Taking all of the above into account, DTM2020_Res reproduces total mass neutral density most accurately overall, and it is a significant improvement over DTM2013 under all conditions. Applying corrections to F30 during solar cycle minimum conditions (i.e., decreasing F30 by a few percent), which was not done in this project, could improve model accuracy further by reducing or even eliminating biases. Because of the sparseness of precise and high-resolution density data, (semi-empirical) model improvement is still possible and necessary, particularly from 100 to 250 km and around 800 km (where most Earth observation satellites operate). However, high-resolution density data will remain a scarce commodity in the immediate future, and its provision will remain dependent on missions with other objectives, i.e., data of opportunity. Such high-resolution data is not available at 800 km at all. Secondly, it is essential that all density datasets available presently are processed according to a common standard to make them consistent. That will facilitate the adjustment and improve the accuracy of the resulting model because the model coefficients can be fitted more precisely.

Acknowledgments

We thank the reviewers for their time and considerable assistance. The SWAMI project has received funding from the European Union’s Horizon 2020 research and innovation programme under grant agreement No 776287. SB and CB are equally supported by CNES APR grant METEOESP.

The Hpo indices are distributed by GFZ (ftp://ftp.gfz-potsdam.de/pub/home/obs/Hpo)

F30 is distributed by CLS (ftp://ftpsedr.cls.fr/pub/previsol/solarflux/observation/)

The HASDM database is made available by SET (https://spacewx.com/hasdm/)

GOCE and Swarm density data is made available by ESA (https://earth.esa.int/eogateway/), or via TU Delft directly (http://thermosphere.tudelft.nl)

The DTM models and the density uncertainty estimate model are available on Github via the SWAMI website (https://swami-h2020.eu) The editor thanks Eelco Doornbos and Christian Siemes for their assistance in evaluating this paper.

References

Cite this article as: Bruinsma S & Boniface C 2021. The operational and research DTM-2020 thermosphere models. J. Space Weather Space Clim. 11, 47. https://doi.org/10.1051/swsc/2021032.

All Tables

Table 1

Data used in the construction DTM2020 (ρ is total density), and assessment of the CIRA models.

Table 2

Mean and StD, the latter expressed as percentage (smallest values within 0.5% in bold), of the density ratios of the models comparing to full datasets. “DTM2020 Intermed” is the intermediate model displayed in Figure 3.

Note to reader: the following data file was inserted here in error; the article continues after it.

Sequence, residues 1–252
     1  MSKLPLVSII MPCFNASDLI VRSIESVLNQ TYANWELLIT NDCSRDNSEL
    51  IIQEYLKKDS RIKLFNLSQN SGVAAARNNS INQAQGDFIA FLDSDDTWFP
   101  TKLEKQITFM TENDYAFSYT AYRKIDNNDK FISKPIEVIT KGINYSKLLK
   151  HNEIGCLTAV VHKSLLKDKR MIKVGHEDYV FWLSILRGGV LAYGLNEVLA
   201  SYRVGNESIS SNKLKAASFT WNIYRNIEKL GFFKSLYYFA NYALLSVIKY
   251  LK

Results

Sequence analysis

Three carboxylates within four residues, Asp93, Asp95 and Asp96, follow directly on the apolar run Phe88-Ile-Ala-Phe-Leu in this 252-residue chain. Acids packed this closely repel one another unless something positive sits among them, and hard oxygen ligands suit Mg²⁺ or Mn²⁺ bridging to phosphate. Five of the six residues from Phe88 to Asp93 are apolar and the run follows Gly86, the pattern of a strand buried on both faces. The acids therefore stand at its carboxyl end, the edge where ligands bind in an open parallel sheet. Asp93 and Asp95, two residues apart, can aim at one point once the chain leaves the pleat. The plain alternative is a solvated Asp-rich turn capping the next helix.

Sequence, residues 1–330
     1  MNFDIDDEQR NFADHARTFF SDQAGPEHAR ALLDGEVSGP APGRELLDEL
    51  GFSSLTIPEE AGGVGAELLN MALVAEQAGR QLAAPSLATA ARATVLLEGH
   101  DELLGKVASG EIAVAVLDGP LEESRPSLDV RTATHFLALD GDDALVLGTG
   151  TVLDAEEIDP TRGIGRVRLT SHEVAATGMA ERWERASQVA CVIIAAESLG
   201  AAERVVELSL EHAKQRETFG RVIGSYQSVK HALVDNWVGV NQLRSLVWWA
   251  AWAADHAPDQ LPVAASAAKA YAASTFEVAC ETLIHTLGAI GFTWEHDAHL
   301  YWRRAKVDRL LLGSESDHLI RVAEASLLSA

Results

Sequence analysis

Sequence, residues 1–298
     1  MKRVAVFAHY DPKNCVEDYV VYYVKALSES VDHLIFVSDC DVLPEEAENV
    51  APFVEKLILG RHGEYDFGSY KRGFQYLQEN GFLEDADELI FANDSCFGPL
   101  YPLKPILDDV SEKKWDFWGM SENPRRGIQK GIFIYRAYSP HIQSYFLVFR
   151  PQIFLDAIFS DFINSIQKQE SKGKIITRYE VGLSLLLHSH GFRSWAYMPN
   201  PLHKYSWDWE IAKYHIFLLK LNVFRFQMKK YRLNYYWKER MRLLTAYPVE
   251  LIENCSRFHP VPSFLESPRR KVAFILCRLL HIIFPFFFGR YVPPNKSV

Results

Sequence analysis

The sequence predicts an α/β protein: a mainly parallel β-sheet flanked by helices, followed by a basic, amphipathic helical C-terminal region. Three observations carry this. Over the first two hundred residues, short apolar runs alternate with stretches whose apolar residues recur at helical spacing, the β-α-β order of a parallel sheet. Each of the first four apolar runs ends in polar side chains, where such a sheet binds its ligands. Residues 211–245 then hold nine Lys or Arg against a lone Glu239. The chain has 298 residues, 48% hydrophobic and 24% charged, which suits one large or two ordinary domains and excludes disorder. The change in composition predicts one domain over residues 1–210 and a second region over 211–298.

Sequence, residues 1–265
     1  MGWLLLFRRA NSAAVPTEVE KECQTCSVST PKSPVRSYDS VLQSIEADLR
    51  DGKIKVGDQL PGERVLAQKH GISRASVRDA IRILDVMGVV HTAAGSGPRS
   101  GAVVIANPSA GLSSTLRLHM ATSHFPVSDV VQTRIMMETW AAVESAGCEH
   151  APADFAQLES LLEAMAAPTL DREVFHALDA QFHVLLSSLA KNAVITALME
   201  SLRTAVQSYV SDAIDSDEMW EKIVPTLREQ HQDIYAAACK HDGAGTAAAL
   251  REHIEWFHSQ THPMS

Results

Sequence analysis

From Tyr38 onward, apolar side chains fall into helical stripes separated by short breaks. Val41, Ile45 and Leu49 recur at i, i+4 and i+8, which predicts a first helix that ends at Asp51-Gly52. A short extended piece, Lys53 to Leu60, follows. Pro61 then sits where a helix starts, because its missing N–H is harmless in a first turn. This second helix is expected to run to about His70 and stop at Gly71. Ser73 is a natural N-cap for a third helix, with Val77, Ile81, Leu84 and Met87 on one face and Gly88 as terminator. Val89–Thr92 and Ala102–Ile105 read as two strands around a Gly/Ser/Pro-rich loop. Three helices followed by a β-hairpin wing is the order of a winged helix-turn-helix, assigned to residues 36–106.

Table 3

StD (%; smallest values within 0.5% in bold) of the yearly mean density ratios of the models.

Table 4

StD (%; smallest values within 0.5% in bold) of the daily mean density ratios of the models.

Table 5

The mean and StD of the density ratios, the amplitude error and StD (%; negative is underestimation), and the timing error and StD (h; negative means model peak too early) and correlation coefficient R for 28 storm cases. The best values are printed in bold.

All Figures

thumbnail Figure 1

The distribution of the total density data in time, mean solar activity, and mean altitude.

In the text
thumbnail Figure 2

The 81-day mean observations of the solar activity proxies F30 and F10.7, and the difference F30 minus F10.7 (orange; right axis).

In the text
thumbnail Figure 3

Schematic representation of the sequential development of the DTM2020 models.

In the text
thumbnail Figure 4

The yearly mean density ratios with CHAMP (top left), GOCE, and Swarm A (top right), TLE 250 km (center left), GRACE (center right), HASDM 250 km (bottom left), and HASDM 475 km (bottom right).

In the text
thumbnail Figure 5

StD of the yearly mean density ratios with GOCE and Swarm A (top left), GRACE (top right), HASDM 250 km (bottom left), and HASDM 475 km (bottom right).

In the text
thumbnail Figure 6

The yearly mean density ratios with Stella (top left), Starlette (top right), HASDM 800 km (bottom left), and the StD of the density ratios with Starlette (bottom right). JB2008 for the years 2018 and 2019 again eliminates more than 60% of the data.

In the text
thumbnail Figure 7

The StD of the density ratios with HASDM 250 km as a function of time scale. The dotted lines are extrapolations.

In the text
thumbnail Figure 8

Density ratios in 6-h local solar time bins (solid lines) and the StD of the density ratios (dotted lines) for CHAMP (top), HASDM at 400 km (middle), and 250 km (bottom).

In the text
thumbnail Figure 9

Density ratios in 81-day mean solar flux bins (solid lines) and the StD of the density ratios (dotted lines) for TLE 250 km (top right), HASDM at 250 km (top left), and 400 km (bottom left), and Stella (bottom right).

In the text
thumbnail Figure 10

Density ratios in low, medium, and high geomagnetic activity bins (solid lines) and the StD of the density ratios (dotted lines) for HASDM at 250, 400, and 475 km (top to bottom).

In the text